Count me as one of those guys who think there are just too many basketball teams playing after a conference tournament determines a league champion, and subsequent entries into the NCAA championships are selected on an at-large basis.
But I also agree if a school has been selected to one of what now is several lesser known tournaments, the scores of which aren’t even covered on the ESPN crawl, teams are just about required to participate.
Now remember, just last year there was a move by the all-knowing NCAA, which I wrote about here, to expand the men’s tournament to 96 teams.
The organization argued that it would allow more mid-majors to participate in the prestigious event, when, in fact, in most cases it just makes more room for major conferences to pad their tournament participation. The Big East Conference’s 11 teams that participated this year are an example of that.
Now, granted, the Colonial Conference broke the mold by sending three teams to this year’s event, but that has proven to be the exception instead of the rule.
The NCAA has now taken over the National Invitational Tournament and, with its 32-team field, that already makes 100 teams, slightly less than one-third of participating schools, playing in a postseason national event.
Teams who win the regular season title, then fail to capture the league tournament championship automatically are entered into the NIT, which enjoys its own level of prestige somewhat because of its history. It is the oldest tournament, beginning in 1938.
But now a couple of alternative events have sprung up. There’s the College Basketball Invitational (CBI), which Montana played in for the first time this season, and the College Invitational Tournament (CIT).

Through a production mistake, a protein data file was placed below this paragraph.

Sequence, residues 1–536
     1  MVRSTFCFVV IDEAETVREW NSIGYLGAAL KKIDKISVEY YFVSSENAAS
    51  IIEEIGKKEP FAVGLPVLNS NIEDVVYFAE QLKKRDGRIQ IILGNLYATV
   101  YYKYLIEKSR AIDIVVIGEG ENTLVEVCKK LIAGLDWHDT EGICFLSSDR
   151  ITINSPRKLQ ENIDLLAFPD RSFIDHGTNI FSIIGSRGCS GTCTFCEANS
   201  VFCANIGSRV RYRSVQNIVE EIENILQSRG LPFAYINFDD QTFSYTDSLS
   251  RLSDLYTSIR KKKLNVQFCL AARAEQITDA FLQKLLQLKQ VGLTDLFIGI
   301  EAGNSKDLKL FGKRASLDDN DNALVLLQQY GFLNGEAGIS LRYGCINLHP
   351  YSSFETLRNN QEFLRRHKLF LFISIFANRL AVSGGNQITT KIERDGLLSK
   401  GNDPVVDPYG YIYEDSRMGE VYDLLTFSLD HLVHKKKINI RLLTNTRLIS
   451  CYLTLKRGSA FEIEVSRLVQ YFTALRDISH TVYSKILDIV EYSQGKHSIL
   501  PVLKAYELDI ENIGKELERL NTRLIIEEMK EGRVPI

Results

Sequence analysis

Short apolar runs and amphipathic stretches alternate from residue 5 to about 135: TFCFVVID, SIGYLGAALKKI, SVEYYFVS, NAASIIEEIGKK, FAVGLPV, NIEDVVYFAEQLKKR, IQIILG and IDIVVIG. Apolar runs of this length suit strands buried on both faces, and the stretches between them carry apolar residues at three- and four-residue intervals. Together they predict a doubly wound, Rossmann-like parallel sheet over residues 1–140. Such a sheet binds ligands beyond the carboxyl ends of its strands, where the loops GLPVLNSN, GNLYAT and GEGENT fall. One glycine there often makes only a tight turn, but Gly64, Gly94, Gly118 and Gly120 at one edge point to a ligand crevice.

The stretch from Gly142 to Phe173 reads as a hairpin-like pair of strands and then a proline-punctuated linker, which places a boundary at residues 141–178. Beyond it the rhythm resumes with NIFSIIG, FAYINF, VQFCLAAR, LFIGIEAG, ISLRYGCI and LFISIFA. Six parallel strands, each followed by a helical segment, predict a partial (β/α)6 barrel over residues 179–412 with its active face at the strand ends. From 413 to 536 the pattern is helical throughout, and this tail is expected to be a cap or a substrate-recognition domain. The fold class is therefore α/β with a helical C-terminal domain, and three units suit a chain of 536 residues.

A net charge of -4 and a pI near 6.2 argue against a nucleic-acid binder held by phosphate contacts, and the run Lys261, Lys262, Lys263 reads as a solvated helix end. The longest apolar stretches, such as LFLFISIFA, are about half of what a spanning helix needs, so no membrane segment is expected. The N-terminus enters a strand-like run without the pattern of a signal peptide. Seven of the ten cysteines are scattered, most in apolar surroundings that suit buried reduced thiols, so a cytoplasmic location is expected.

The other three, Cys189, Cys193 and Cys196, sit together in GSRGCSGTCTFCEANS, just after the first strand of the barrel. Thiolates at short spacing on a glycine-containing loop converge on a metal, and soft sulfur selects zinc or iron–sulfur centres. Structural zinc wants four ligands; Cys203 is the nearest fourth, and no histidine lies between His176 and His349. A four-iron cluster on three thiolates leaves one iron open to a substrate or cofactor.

The CBI, which broadcasts some games on HDNet, is a 16-team affair with a twist. The remaining top two teams engage in a best two-out-three playoff to determine a champion.
The CIT, some of which is broadcast on Fox Sports, is a 24-team affair with true seeding (1 vs. 16, etc.).
So now on the men’s side at least, we have 140 teams advancing to the postseason “national tournament” play and because your neighbor is going to accept an invitation if you don’t, a school just about is required to participate in the folly.
The University of Montana, for example, asked the CIT to wait and see if the Grizzlies were invited to the NIT, which they were not. But the selection group opted instead to extend the bid to Northern Arizona.
Weber State announced shortly after Montana beat them in the Big Sky Conference semi-final that not only was their season continuing with an invitation to play in the CBI, but the team was hosting a game at Dee Event Center.
However, when the Grizzlies were a late addition to the CBI field, Montana hosted Duquesne University, while the Wildcats were sent packing to Eugene to face Oregon.
There is no argument against the fact that additional games are a worthwhile reward for a solid season. And more competition benefits a team’s younger players.
There’s also something to be said for the way the tournaments are used in future marketing and recruiting efforts. But it just seems to me the field of postseason participants is watering down the field.
But then again I love college hoops and I’d just as soon watch games for eight or nine months instead of the better part of five.
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